For the record, the Parrot does an excellent job of GPS tracking to the controller/phone. I don't know how well it does over varying elevations but I seem to remember that it had problems. I've taken the M2P over varying elevations and it did "okay" but it's not perfect by any means. As you may know, I had the THP and had "issues" with it so I returned it.

I agree that GPS tracking combined with optical is vastly superior to either type alone. That's why I've dropped about $2000 on the Skydio 2...so far. You (and dirt bike boy) have very specific use cases that the Skydio 2 was seemly designed for. Unfortunately, my use case and possibly 90% of drone pilot's use case were an afterthought. We'll see what the future will bring but I doubt DJI is going to give up on the compass anytime soon so the Skydio 2 will continue to be my construction site, bridge, crane, etc filming drone for the foreseeable future.Even after I buy the Mavic 3 Pro, Mavic 2 Pro+, Mavic 2 Pro Platinum or whatever they decide to call it.
 

VEGASROBBI

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Now that I think about it you confronted me years ago, said I was doing something wrong with Active Track ,my fault. You challenged how many hours I had in follow.

Like Ed and Ken I challenged you to produce a video to defend your claims. Follow uphill at 30 mph from the front, not hard for Solo, Anafi(28), Typhoon and Halo. You said I trapped you because DJI tracking wouldn't go 30 mph, then you read the manual and changed your position. Ed, Ian, Ken...all BS'd us on the matter and in 3 years not one single video to support your claim. I have over 1,000 real follow hours you are welcome to come and review them rather than attack me.


So Skydio is actually doing what DJI failed to do so why are you here banging on it? Give it some space it may not be ideal but don't bury it in DJI BS like you would like.

There is a fine line between you and a troll. If you can't substantiate your claims and have nothing to contribute here go away.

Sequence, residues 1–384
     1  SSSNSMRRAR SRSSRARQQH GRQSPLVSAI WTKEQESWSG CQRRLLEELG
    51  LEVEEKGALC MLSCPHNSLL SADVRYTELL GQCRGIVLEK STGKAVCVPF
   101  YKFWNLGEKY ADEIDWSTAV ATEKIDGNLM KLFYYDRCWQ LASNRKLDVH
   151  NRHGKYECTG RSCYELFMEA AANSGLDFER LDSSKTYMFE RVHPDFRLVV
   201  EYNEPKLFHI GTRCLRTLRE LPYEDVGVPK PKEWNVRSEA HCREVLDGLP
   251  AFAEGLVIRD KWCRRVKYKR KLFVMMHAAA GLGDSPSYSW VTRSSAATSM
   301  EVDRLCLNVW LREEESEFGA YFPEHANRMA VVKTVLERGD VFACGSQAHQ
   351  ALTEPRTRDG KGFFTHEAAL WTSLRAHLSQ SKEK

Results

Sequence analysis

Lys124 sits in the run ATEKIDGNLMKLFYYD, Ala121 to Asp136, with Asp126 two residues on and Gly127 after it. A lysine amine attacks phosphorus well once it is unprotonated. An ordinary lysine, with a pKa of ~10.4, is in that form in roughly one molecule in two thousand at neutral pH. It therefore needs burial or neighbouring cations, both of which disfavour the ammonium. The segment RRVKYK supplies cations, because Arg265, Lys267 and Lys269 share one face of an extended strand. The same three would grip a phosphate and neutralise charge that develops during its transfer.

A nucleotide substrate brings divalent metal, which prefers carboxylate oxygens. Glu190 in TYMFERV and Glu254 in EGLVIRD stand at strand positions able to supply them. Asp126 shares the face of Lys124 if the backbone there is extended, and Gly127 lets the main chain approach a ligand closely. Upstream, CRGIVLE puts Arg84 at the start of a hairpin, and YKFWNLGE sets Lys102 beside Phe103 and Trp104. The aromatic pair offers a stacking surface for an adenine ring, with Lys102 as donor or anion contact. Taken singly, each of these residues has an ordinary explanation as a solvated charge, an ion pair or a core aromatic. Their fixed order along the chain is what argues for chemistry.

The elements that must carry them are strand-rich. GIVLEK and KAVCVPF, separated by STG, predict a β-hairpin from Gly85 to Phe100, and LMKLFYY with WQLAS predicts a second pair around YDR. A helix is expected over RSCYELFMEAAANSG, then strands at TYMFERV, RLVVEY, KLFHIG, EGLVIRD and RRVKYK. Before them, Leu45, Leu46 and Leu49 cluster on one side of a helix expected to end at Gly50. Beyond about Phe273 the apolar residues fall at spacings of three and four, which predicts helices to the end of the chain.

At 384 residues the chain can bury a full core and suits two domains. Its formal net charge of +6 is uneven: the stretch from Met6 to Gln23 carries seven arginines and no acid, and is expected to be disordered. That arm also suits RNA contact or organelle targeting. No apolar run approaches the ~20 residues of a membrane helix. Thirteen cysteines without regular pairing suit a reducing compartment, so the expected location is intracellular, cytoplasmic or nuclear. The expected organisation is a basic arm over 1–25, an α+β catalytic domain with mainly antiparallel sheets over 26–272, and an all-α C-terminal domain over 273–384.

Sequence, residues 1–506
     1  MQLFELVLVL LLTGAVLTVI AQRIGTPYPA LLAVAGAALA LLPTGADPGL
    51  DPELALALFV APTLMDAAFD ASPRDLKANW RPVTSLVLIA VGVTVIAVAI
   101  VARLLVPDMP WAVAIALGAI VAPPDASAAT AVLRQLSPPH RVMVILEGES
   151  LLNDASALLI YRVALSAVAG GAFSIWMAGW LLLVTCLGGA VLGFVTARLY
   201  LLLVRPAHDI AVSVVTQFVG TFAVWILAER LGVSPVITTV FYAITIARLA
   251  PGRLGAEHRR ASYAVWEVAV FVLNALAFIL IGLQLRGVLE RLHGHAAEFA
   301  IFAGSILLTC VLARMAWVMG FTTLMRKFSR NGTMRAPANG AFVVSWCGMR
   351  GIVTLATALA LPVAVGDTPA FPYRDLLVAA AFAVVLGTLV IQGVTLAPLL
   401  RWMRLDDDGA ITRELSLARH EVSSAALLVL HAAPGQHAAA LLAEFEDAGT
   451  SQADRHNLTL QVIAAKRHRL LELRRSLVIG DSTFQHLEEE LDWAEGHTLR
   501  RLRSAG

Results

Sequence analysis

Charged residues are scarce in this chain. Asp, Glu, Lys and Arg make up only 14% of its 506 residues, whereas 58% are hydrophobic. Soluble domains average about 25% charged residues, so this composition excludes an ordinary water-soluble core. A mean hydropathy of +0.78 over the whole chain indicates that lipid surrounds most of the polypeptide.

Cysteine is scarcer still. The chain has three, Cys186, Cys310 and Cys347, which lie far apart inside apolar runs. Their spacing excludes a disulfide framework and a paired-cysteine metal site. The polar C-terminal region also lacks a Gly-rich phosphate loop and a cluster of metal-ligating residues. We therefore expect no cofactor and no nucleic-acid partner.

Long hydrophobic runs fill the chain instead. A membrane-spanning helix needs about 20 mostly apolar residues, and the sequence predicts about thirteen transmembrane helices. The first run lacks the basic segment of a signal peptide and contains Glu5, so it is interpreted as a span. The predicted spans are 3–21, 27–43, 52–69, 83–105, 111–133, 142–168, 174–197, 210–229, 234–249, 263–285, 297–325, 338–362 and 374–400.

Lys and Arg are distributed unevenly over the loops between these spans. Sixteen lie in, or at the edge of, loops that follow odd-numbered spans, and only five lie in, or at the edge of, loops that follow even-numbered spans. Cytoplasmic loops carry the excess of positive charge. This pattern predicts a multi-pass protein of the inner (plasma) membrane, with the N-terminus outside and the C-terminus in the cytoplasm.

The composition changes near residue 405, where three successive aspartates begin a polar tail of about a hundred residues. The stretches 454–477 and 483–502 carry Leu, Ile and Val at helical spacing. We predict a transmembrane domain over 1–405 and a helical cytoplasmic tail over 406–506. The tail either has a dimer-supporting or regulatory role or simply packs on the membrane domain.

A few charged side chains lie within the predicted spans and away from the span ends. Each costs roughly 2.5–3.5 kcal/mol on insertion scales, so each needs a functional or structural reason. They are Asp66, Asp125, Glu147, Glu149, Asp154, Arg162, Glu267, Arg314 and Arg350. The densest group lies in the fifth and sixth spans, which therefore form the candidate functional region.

VEGASROBBI

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Bro, I have a couple dozen Active Track tests without any incidents. That's all I'm saying. I'm not trying to say you didn't have a problem, I'm saying that I haven't. Should I trust my 500 flights with the M2P or your incident? BTW the M2P has profile tracking... The Inspire has a 360 degree rotating camera, it doesn't need profile tracking... I might be missing something. I was watching the M2P launch live and I don't remember the Anafi or the Typhoon H being mentioned at all. I've also never seen any DJI representative claim GPS to GPS tracking... Again, I'm not sure I understand what you mean. Quite frankly, I'm pretty confident that I've never seen DJI do the type of trash talking Skydio has done in their ads and marketing materials. I may be wrong though. DJI has a YouTube channel, I've watched pretty much every video and haven't seen any mention of other companies.

For the record, the Parrot does an excellent job of GPS tracking to the controller/phone. I don't know how well it does over varying elevations but I seem to remember that it had problems. I've taken the M2P over varying elevations and it did "okay" but it's not perfect by any means. As you may know, I had the THP and had "issues" with it so I returned it.

I agree that GPS tracking combined with optical is vastly superior to either type alone. That's why I've dropped about $2000 on the Skydio 2...so far. You (and dirt bike boy) have very specific use cases that the Skydio 2 was seemly designed for. Unfortunately, my use case and possibly 90% of drone pilot's use case were an afterthought. We'll see what the future will bring but I doubt DJI is going to give up on the compass anytime soon so the Skydio 2 will continue to be my construction site, bridge, crane, etc filming drone for the foreseeable future.Even after I buy the Mavic 3 Pro, Mavic 2 Pro+, Mavic 2 Pro Platinum or whatever they decide to call it.
Where's the video? 30 mph uphill(winding) from the front or we don't care. You've had plenty of time.